Felt tip portraits of friends and performers. It’s short and it’s sweet.
Although not a founding member, Julian Smith has been involved with Sink the Pink, the latest subculture to match the New Romantic’s fervent energy, for the best part of 6 years; “I’m bad with remembering years and dates”, he says, “I’ve been with them for quite a while, working on London events and various festival gigs. I hope to convey that showing off, letting your hair down, dancing and dressing up can be a positive thing. Also a political thing. I hope to show that it can broaden our minds. I am a hedonist and I enjoy it, I can’t work and be sensible all the time. It just doesn’t work for me”.
Julian Smith is, in his own words, an arty gay guy in East London; “There’s loads of us”, he notes. “The sketches are currently a hobby. I want to draw a lot of my friends and East London characters, but it may expand to celebrities. I’m just drawing and not thinking about it too much at the moment. I love fashion, costume and art galleries, and because of that I can see this as something I would like to pursue further. Perhaps sell a few prints or something? Eventually. Maybe even have an exhibition or a little book”.
Working with felt pens and strong colour, it’s the “scratchy childish feel” that’s the driving force behind each creation. “I also like the limited range of colours and want a certain unsophistication”, he adds. “Strong, contrasty colours is very me. I like Punkish, analogue graphics. It’s my character”. But there is still an air of sophistication. There’s a familiar sensibility to the illustrations and it’s eccentric. It’s fun. His style has a liberal attitude, however it is a style that is also complicated and diplomatic. Through using a naive medium, a hark to simpler days, Julian Smith captures personality in his drawings.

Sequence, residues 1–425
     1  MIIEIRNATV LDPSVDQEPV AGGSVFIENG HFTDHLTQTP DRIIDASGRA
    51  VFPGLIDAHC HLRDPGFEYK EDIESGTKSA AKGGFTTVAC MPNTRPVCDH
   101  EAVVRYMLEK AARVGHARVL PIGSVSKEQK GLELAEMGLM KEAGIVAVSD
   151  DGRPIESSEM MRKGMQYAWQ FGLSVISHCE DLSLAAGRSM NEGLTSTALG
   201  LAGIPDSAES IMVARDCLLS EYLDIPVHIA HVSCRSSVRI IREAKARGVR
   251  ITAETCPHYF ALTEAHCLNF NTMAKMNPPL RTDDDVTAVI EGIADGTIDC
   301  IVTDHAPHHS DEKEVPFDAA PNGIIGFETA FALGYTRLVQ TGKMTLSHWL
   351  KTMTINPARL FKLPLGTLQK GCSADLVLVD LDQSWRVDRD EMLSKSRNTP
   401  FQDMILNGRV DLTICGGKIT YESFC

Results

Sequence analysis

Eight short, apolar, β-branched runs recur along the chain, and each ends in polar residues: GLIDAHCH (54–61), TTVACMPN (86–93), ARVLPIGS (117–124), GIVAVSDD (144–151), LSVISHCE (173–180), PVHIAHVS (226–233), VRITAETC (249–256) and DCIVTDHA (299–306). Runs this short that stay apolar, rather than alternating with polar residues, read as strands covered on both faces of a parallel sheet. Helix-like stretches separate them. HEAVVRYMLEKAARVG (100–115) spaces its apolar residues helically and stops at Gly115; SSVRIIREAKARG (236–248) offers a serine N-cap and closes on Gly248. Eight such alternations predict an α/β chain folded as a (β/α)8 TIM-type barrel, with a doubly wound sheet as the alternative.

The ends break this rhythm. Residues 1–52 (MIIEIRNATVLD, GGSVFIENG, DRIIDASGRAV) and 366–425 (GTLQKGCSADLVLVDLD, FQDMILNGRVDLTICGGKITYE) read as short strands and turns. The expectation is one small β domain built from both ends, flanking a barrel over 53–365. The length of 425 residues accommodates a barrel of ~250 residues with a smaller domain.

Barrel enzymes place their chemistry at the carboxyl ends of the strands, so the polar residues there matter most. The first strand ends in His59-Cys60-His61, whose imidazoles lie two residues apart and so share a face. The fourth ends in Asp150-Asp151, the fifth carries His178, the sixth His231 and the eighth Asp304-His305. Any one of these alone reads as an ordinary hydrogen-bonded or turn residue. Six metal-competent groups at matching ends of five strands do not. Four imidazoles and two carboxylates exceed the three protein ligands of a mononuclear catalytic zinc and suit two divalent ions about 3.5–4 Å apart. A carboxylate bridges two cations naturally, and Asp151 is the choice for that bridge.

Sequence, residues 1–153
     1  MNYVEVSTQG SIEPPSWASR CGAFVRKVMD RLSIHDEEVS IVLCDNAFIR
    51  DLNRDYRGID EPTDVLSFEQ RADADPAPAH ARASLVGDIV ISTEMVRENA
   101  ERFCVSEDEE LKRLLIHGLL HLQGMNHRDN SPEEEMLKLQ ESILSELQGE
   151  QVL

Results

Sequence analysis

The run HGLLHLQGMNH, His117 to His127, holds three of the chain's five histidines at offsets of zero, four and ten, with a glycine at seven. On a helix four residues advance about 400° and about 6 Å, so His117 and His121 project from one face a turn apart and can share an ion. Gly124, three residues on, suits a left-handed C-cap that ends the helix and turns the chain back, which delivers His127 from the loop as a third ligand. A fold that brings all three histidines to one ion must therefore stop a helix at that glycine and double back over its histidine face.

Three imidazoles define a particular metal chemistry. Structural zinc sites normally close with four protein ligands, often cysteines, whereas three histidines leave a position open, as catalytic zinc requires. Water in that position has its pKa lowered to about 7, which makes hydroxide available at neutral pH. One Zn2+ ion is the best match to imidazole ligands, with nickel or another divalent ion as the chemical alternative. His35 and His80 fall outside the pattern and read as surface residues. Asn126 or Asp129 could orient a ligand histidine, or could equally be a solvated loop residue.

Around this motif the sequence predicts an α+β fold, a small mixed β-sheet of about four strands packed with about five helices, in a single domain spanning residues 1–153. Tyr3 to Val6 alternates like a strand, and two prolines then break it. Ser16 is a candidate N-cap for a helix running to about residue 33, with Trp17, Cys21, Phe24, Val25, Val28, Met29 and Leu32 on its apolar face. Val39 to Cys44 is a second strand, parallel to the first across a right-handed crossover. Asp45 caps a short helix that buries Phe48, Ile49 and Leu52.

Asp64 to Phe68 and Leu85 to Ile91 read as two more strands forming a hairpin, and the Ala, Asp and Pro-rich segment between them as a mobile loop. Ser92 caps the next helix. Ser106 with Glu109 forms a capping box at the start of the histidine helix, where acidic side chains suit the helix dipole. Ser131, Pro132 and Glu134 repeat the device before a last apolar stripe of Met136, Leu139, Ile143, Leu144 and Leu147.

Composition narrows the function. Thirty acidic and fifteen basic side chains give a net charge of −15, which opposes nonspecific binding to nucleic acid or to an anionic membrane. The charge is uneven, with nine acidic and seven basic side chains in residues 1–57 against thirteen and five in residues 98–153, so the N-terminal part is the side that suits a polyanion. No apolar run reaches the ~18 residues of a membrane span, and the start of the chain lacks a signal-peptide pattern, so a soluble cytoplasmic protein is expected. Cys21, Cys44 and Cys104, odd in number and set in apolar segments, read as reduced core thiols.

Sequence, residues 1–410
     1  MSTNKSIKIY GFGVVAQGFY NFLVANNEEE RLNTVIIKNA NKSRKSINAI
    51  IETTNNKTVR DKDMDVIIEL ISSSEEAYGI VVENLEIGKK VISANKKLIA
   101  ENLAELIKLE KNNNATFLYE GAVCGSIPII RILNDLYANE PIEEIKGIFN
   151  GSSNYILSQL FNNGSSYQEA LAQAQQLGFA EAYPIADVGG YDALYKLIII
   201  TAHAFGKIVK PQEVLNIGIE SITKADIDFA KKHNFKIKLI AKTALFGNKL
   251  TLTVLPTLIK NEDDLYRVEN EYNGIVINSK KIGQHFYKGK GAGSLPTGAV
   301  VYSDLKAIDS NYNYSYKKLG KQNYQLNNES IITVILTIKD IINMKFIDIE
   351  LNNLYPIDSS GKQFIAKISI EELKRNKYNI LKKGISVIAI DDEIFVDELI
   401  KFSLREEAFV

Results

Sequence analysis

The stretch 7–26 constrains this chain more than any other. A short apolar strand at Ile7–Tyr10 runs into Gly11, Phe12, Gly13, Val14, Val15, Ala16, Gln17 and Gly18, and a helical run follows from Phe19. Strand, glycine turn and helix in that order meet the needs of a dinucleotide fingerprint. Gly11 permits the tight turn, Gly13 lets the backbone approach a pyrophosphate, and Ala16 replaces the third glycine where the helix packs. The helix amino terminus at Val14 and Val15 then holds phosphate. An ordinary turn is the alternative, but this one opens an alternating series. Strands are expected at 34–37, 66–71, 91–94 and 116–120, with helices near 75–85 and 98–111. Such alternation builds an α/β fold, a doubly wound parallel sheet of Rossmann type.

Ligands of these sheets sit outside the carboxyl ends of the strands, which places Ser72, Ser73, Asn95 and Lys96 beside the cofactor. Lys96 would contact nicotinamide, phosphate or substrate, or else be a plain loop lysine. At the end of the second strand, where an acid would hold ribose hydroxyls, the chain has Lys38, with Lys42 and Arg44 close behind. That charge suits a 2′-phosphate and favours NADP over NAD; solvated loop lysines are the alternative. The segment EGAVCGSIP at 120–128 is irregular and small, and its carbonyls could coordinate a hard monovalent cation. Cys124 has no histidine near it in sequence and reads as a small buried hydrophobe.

There’s a haunting quality as the eyes stare deep into yours, despite having only worked from photographs on a computer screen; “But I have just started going to life drawing classes, which is very exciting. I literally haven’t drawn like this for years and years. It’s really nice to rediscover that I can. I think I’d forgotten”. Thinking about portraiture as a focus, Julian Smith likes to capture a likeness; “I started drawing again because I had some time on my hands while on holiday for a few days at my parents. I’m a fan of these people, my subjects. I have a respect for them, and I admire them. I want to continue to be creative this year. More drawings, more shows. But I am going to have a long holiday in September and October. I’m very much looking forward to seeing some friends who are dotted around the world. As much as I love it, I need a break from the way I live my life in London. It’s necessary”.
Gender is a hot topic for many at the moment, including Noctis Magazine with the release of our latest issue. It’s both relevant and controversial. “It’s quite exciting that lines are blurring”, Julian Smith says, questioning his thoughts on gender in society.
“Barriers are being broken and minds are expanding. But, you know, at the same time I completely happy for men to be men, and women to be women. I’m just certain that most of us must have a bit of both. I identify as male, but I like to feel and explore sections of my feminine character through drag. I am open to the feminine side and I do not suppress it… The boxes we put our children in through conditioning can be damaging later in life though. If you force your children to act a certain way when it is not matched to how they feel inside, they are always going to feel a sense of inadequacy or failure. Open up those boxes”.